Presentation on theme: "Schemas & Research. What is a schema? Framework of knowledge Affects our perception and understanding. Organise information to help recall what."— Presentation transcript:
Schemas & Research
What is a schema? Framework of knowledge Affects our perception and understanding. Organise information to help recall what we have seen/heard.
Palmer (1975) – Aim & Method Aim: To find out whether context would affect perception. Method: 64 student participants Laboratory experiment
Palmer (1975) – Method 2 Participants were shown a visual scene (see below) for 2 seconds to provide the context. 4 conditions (4 levels of the IV): Appropriate: correctly recognising an appropriate objects that fits with the visual scene. Inappropriate, similar: correctly recognising an inappropriate object, that looks similar to something expected in the visual scene. Inappropriate, different: correctly recognising an inappropriate object that does not fit with the visual scene. No context: correctly recognising an object, when provided with no visual scene.
Palmer (1975) – Method 3 The experiment was a repeated measures design. The number of correctly identified objectives was the dependent variable.
Palmer (1975) – Results What do these results show us? What can you conclude from the results of Palmer (1975). Link this to the original aim.
Bartlett (1932) – Key definitions Serial reproduction: a task where a piece of information is passed from one participant to the next in a chain or series. Differences between each version are measured. Repeated reproduction: a task where the participant is given a story or picture to remember. They then recall it several times, after time delays. Differences between each version are measured.
Bartlett (1932) - Aim Aim: To investigate how information changes with each reproduction and to find out why the information changes.
Bartlett (1932) - Method Procedure: Folk tale called ‘The war of the ghost’. Deliberately strange, with ideas and names that were unfamiliar to the participants. Participants completed a serial reproduction task and repeated reproduction task.
Bartlett - Results Findings: Very few participants recalled the story accurately. Bartlett found changes to the following elements of the story: Form Details Simplification Addition The serial reproduction showed the same changes as the repeated reproductions. They also showed clearly how one individual’s interpretation affected all the others in the chain.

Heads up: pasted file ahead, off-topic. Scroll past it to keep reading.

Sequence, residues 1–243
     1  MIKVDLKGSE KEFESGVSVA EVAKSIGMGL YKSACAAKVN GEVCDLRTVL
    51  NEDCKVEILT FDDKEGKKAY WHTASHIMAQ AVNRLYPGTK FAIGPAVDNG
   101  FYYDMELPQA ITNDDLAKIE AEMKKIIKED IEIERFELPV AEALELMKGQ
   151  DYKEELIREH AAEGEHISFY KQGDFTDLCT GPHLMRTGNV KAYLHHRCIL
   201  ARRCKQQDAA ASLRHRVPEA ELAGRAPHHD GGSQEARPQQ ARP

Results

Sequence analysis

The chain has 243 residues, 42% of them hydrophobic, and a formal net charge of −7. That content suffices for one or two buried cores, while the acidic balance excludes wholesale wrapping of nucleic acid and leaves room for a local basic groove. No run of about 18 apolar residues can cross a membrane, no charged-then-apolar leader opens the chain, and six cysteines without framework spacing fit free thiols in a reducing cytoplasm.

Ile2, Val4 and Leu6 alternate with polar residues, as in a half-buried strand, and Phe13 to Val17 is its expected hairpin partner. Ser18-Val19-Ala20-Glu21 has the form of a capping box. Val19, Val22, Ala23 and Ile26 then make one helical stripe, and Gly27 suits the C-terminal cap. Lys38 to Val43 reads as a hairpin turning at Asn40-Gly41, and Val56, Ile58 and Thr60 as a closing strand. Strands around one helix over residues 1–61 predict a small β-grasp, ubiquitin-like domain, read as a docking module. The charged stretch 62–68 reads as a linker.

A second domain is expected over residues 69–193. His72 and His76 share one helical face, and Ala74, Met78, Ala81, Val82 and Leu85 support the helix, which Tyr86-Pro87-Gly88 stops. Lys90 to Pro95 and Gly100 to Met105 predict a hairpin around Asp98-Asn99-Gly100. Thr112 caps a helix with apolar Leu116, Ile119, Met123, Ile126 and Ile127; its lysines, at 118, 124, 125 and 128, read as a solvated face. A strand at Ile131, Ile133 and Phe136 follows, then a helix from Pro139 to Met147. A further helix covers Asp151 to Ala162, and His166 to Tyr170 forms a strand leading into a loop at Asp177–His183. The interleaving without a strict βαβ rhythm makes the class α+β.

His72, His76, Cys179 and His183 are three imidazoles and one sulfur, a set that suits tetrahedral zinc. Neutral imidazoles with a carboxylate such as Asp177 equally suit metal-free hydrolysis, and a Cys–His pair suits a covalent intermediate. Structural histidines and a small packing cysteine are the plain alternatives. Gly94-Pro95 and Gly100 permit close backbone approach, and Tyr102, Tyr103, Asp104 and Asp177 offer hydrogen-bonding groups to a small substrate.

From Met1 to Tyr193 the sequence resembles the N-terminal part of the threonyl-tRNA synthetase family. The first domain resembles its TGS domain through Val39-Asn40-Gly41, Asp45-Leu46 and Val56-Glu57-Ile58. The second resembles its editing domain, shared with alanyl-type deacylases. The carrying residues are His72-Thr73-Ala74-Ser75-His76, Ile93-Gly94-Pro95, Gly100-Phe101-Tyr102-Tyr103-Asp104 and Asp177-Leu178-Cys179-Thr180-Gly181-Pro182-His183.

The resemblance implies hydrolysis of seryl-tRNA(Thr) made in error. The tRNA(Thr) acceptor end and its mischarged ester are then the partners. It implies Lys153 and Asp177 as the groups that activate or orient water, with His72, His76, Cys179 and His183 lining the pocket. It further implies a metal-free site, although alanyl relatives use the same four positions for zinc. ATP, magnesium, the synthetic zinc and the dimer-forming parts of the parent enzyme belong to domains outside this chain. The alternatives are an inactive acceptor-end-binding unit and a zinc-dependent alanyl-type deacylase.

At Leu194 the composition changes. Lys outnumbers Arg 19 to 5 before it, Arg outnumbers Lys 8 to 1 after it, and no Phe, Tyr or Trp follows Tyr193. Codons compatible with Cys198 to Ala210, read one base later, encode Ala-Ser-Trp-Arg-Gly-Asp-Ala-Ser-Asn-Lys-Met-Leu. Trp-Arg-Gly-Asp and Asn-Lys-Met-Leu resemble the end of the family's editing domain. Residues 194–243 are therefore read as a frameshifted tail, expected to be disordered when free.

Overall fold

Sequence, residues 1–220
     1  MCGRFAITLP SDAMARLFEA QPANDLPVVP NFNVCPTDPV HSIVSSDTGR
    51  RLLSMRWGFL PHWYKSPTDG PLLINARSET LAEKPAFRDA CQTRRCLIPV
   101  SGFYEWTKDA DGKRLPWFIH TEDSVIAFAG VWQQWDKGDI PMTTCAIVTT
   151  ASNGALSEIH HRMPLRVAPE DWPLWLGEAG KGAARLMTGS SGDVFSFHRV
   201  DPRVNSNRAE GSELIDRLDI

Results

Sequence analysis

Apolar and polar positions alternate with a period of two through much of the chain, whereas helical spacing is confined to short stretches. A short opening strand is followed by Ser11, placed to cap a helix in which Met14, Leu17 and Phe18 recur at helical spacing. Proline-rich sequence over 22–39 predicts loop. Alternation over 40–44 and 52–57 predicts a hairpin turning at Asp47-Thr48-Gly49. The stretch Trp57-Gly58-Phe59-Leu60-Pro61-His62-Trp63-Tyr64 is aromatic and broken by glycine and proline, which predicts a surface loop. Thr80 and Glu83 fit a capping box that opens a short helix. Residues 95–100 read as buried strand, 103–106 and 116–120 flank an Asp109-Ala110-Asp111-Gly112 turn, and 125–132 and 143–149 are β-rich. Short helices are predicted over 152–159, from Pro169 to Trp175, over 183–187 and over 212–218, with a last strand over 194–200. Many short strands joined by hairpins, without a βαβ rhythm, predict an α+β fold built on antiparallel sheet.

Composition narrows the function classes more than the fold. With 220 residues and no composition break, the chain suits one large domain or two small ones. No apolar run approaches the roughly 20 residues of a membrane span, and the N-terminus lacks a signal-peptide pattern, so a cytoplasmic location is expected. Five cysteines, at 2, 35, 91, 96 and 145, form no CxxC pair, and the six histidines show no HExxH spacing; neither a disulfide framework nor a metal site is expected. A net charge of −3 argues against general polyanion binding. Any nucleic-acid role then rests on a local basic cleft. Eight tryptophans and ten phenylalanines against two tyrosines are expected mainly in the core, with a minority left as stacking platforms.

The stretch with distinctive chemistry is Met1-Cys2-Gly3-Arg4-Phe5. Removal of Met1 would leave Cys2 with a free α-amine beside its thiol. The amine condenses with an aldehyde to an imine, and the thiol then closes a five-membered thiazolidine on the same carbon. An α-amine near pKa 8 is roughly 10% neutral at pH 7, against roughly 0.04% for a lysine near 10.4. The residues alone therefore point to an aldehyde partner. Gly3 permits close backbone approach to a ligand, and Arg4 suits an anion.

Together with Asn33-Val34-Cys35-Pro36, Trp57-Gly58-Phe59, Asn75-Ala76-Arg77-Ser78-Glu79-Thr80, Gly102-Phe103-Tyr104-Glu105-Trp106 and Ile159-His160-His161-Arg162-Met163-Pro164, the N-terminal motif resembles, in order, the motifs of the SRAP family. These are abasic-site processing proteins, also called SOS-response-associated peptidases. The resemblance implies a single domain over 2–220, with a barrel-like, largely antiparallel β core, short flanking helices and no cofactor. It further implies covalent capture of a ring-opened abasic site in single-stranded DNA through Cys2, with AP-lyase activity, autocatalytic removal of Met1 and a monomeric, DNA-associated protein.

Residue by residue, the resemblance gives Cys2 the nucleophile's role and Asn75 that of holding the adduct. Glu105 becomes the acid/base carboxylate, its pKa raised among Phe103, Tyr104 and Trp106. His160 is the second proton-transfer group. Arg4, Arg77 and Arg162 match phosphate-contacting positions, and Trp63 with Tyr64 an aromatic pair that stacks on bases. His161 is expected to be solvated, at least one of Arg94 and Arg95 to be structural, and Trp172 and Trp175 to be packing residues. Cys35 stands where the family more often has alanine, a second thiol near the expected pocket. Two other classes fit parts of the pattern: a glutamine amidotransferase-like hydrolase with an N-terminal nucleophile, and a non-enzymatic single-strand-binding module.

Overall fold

Bartlett - Conclusion Conclusion: Unfamiliar material changes when it is recalled. It becomes shorter, simpler and more stereotyped. This may be due to the effect of schemas on memory,
Carmichael, Hogan and Walter (1932)
Aim: to find out whether words shown with pictures would affect the way the pictures were remembered.
Carmichael, Hogan and Walter (1932) Procedure: Laboratory experiment. Ninety-five participants were split into three groups. They were shown 12 pictures. Between each picture the experimenter said “the next figure resembles”…Followed by a word from either list 1 or list 2. A control group (of nine participants) heard no verbal labels. These were the three levels of the independent variable. The experimental design was independent groups. The participants were then asked to draw the pictures they had seen. Their drawings were compared to the originals. This was the dependent variable.
Carmichael, Hogan and Walter (1932) Findings: The drawings produced by people who heard list 1 were very different from the drawings by people who heard list 2. In each case the drawings looked like the words the participants had heard. In the list 1 group, 73 percent of the drawings resembled the word given. In the list 2 group, 74 percent resembled either one of the words. This shows that the words affected the participants’ memory of the drawings.
Carmichael, Hogan and Walter (1932) Conclusions: Memory for pictures is reconstructed. The verbal context in which drawings are learned affects recall because the memory of the word alters the way the picture is represented.